Since the 18th National Congress of the CPC, China has kick-started the third transition. President Xi Jinping was convinced that to keep China on a growth and development trajectory, it had to move from Industry 3.0 (automation, computerization) to Industry 4.0 (cyber-physical systems). Thus, he envisioned a comprehensive philosophy and vision to lead this transition, culminating in President Xi's Modernization Era. In pursuit of this third transition, President Xi launched the Made in China (MIC) policy in 2015. The MIC policy aims to achieve its objectives step by step. It was decided that China would achieve a domestic content target for core materials of 40 percent by 2020 and 70 percent by 2025.
However, this would not be possible without building modern research and development (R&D) infrastructure, investing in R&D, and creating quality human capital. Therefore, it was decided to build 40 modern Research and Development Centers by 2025. Simultaneously, China has increased its allocations for R&D. Although the process began at the start of the reform era, it has accelerated during President Xi’s tenure, with allocations for R&D rising from 1.9 percent of gross domestic product (GDP) in 2012 to 2.6 percent in 2024. Additionally, the 14th Five-Year Plan has explicitly focused on R&D. International organizations predict that China will increase R&D allocations by 7 percent annually. Recent data supports this projection; for example, in 2023, China allocated USD 420.9 billion for R&D, a 10.1 percent increase from the previous year.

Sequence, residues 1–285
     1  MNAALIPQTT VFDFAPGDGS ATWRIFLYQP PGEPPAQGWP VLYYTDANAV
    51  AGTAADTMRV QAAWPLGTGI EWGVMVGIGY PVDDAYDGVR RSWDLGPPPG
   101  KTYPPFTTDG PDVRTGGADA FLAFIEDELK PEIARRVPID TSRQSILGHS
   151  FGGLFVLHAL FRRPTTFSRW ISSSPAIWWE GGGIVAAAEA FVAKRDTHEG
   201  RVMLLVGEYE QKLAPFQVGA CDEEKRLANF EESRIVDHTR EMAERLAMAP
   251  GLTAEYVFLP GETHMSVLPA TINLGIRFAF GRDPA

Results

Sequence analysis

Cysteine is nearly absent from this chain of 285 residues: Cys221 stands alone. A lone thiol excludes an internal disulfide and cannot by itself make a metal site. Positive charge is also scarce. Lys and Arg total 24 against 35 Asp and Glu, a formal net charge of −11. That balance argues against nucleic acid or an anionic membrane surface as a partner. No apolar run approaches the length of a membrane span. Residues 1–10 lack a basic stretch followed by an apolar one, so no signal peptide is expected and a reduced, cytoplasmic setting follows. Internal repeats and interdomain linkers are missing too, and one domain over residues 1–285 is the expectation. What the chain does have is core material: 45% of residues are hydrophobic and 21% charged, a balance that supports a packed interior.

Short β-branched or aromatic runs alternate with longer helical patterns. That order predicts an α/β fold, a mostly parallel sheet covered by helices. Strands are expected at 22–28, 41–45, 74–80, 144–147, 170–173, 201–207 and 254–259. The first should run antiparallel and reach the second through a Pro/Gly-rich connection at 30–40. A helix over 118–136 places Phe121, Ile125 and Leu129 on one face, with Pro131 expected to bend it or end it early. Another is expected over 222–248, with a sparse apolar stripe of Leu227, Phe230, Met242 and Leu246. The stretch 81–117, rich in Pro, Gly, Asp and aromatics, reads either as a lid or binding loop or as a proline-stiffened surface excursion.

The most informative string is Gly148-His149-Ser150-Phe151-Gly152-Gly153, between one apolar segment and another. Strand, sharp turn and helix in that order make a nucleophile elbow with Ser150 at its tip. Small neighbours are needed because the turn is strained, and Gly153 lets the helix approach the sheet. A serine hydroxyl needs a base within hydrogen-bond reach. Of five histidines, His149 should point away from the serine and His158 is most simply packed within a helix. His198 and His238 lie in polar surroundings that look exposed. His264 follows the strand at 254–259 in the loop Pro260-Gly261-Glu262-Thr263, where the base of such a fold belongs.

Chinese companies are also following in the footsteps of the government. Thanks to government incentives and policy support, Chinese companies have significantly increased their investment in R&D. In 2021, they surpassed European companies in R&D investment, with Chinese companies investing EUR 195.9 billion compared to EUR 192.8 billion by European companies. The information and communication technology sector attracted a major portion of this spending, with nearly 44.4 percent of the EUR 195.9 billion allocated to this sector. China's global share of R&D investment was calculated at 17.9 percent, second only to the USA. This marks a significant achievement for China, as its contribution to global R&D was only 4.3 percent in 2012.
However, China is cognizant of the fact that quality human capital is a prerequisite for modernizing and building an innovation base. High-quality human capital is essential for establishing a strong foundation in primary scientific research, which in turn develops the capabilities to create knowledge and lead innovation. Consequently, China is investing generously in the development of high-quality human capital. Thanks to the government's dedicated efforts, China now has the largest pool of science, technology, engineering, and mathematics (STEM) graduates. According to Georgetown University, China surpassed the USA in producing STEM graduates in 2007. Furthermore, it is projected that by 2025, the number of STEM graduates in China will be double that of the USA.